And so, when you look at the growth that we’ve had in IT datacom, for example, some of that growth is coming ultimately from customers who also manage and build wireless networks in support of the bandwidth of their core networks, because people are working from home, they’re studying from home, they’re soaking up bandwidth that maybe was not expected, for sure, it was not expected. And so, I think that there is some of that dynamic. But the biggest and probably the most simple explanation to what you’ve described is, in fact, those Department of Commerce restrictions.

And as we head into next year, I think that our team remains very confident in our position with customers around the world. We have strong position on next generation equipment, and we’ll see how it goes, and we’ll try to give a good assessment of this market as we come into – as we come into 2021. But no doubt, I mean, this has been a little bit more of a challenging market for us here in this year because of those – because of those factors that we’ve discussed.


Our next question is from David Kelley from Jefferies. Your line is open.

David Kelley

Maybe just stepping back from the end market specific discussions. I was curious if you could talk about just broadly what you’re seeing as it relates to demand and order patterns in China? Are we fully back of, let’s call it, pre-COVID levels across your exposures in the region today?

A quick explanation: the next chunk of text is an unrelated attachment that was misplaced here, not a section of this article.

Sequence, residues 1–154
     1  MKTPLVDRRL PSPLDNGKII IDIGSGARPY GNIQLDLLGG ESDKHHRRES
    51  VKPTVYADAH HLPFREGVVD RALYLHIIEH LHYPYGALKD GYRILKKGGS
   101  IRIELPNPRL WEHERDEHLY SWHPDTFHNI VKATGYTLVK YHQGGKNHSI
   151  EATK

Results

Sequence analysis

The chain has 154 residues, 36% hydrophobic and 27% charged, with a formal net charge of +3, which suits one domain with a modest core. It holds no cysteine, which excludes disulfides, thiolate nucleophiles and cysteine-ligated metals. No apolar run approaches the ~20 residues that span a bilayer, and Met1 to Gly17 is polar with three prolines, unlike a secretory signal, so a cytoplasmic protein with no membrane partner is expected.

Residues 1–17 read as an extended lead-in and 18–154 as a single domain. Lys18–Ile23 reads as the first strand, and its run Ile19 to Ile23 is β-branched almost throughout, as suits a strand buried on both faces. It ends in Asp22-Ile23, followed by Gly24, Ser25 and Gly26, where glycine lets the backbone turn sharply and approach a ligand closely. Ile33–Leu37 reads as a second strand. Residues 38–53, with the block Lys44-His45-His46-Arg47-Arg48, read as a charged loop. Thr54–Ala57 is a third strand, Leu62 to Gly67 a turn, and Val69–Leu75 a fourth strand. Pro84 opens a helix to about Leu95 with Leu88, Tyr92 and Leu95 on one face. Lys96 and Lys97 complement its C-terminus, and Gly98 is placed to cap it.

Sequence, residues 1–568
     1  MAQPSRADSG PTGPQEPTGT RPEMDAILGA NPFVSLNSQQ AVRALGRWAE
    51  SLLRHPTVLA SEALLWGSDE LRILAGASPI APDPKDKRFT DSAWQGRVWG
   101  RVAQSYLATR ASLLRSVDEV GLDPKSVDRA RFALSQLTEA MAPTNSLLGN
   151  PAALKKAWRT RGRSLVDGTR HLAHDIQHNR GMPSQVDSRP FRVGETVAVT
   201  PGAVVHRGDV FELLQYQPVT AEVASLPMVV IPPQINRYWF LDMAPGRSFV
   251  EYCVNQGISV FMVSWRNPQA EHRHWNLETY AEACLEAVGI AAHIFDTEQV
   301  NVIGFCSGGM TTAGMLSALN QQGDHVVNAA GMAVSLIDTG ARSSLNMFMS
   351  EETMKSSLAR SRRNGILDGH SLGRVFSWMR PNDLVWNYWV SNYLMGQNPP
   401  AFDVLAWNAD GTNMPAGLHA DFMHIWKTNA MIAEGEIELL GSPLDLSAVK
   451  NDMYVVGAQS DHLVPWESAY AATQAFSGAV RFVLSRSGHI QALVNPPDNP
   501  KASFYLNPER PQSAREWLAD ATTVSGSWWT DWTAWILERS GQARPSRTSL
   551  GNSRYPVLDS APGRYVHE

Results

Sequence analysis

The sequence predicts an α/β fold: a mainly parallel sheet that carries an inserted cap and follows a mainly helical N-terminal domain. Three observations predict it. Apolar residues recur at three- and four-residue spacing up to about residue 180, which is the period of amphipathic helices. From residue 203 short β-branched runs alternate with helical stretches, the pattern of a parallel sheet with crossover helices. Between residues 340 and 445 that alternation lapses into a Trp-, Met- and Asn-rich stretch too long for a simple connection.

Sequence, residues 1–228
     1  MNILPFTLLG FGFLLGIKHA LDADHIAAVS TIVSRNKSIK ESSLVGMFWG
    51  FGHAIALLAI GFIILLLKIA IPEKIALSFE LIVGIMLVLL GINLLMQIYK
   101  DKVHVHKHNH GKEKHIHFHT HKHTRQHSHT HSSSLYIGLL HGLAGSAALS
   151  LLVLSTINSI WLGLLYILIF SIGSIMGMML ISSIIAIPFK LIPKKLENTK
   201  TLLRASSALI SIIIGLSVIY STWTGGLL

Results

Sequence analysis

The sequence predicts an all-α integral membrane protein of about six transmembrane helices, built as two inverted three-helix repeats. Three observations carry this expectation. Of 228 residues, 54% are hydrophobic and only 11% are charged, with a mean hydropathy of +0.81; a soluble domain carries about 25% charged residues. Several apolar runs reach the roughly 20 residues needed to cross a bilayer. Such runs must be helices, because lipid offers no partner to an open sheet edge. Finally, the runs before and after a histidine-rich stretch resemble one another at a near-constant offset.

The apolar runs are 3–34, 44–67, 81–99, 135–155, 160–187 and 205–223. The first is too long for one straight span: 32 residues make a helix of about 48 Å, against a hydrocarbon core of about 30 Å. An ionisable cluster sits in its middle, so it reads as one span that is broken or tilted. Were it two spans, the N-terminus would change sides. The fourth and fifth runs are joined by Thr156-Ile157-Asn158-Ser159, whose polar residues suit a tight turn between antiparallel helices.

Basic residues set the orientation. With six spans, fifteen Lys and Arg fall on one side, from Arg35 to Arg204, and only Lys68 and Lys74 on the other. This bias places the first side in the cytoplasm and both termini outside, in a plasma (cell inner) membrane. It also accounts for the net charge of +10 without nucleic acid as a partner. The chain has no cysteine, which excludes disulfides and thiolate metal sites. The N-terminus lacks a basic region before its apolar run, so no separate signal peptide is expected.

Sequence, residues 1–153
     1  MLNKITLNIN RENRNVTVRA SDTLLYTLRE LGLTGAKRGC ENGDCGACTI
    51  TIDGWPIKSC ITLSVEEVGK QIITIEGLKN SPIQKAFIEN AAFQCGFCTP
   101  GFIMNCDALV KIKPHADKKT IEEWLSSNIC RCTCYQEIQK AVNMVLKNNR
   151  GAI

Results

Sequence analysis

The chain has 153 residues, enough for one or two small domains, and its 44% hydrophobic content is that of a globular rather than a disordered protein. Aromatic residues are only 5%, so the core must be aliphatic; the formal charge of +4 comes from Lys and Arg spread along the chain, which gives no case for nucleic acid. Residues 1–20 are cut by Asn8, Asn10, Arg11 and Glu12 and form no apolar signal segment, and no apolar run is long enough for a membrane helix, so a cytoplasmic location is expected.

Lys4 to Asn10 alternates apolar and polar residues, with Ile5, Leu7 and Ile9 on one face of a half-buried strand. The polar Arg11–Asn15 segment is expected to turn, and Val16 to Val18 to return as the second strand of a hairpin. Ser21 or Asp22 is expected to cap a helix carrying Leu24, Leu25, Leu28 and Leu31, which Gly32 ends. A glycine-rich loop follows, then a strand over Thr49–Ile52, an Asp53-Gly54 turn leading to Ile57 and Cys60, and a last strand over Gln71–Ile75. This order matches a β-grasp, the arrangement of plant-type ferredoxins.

Adam Norwitt

Yes, it’s a great question. I would say that our performance in Asia, in general, in China being the largest factor for us in Asia, and for most in Asia, was really outstanding in the third quarter on a year-over-year basis. And so, I would say, back to pre-COVID and beyond in terms of the demand levels that we’ve seen.

And I think that’s true in the industrial market, I think that’s true in the automotive market, I think that’s true in the communications markets, all with the caveat related to the question that we will just ask relative to mobile networks and the restricted entities list.

But beyond that, I would say that we’ve seen just great demand, and it is amazing. Craig and I, we have a lot of calls and now we do Zoom calls or Teams or Google Meetings or all of these different video calls with our customers – with our team, and you do that with people in China now and they’re all sitting around the conference room together, nobody is wearing masks, because the virus is essentially not there. It is being kind of stopped at the border through a very rigorous approach to quarantining and testing.

And so, I think that that has allowed, in particular China, to kind of get back to normal. People are going to movies, people are going to grocery stores, people are buying cars, people are riding on planes and trains, and all of this. And we see that on our computer screens, and I would be lying if I said I didn’t have a little bit of jealousy to watch a group of 10 people sitting around the conference room table like we used to be here, but that will come here again. We will get there in other parts of the world as well, but it started earlier in China.